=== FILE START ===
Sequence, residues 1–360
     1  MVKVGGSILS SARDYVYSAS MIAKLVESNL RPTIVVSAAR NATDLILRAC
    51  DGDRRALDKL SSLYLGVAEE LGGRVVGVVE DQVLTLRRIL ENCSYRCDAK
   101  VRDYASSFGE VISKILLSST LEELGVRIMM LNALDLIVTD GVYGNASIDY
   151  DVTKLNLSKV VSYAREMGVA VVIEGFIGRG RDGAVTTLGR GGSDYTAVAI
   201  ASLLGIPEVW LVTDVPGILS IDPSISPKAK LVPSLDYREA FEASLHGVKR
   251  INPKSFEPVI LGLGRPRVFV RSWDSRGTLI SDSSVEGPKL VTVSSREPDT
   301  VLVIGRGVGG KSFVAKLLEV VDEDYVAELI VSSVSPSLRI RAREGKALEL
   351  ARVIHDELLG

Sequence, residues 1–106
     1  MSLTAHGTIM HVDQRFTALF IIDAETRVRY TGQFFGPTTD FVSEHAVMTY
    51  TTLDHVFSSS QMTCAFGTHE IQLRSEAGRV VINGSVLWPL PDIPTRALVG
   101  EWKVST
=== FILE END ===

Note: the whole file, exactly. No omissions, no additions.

Sequence, residues 1–360
     1  MVKVGGSILS SARDYVYSAS MIAKLVESNL RPTIVVSAAR NATDLILRAC
    51  DGDRRALDKL SSLYLGVAEE LGGRVVGVVE DQVLTLRRIL ENCSYRCDAK
   101  VRDYASSFGE VISKILLSST LEELGVRIMM LNALDLIVTD GVYGNASIDY
   151  DVTKLNLSKV VSYAREMGVA VVIEGFIGRG RDGAVTTLGR GGSDYTAVAI
   201  ASLLGIPEVW LVTDVPGILS IDPSISPKAK LVPSLDYREA FEASLHGVKR
   251  INPKSFEPVI LGLGRPRVFV RSWDSRGTLI SDSSVEGPKL VTVSSREPDT
   301  VLVIGRGVGG KSFVAKLLEV VDEDYVAELI VSSVSPSLRI RAREGKALEL
   351  ARVIHDELLG

Sequence, residues 1–106
     1  MSLTAHGTIM HVDQRFTALF IIDAETRVRY TGQFFGPTTD FVSEHAVMTY
    51  TTLDHVFSSS QMTCAFGTHE IQLRSEAGRV VINGSVLWPL PDIPTRALVG
   101  EWKVST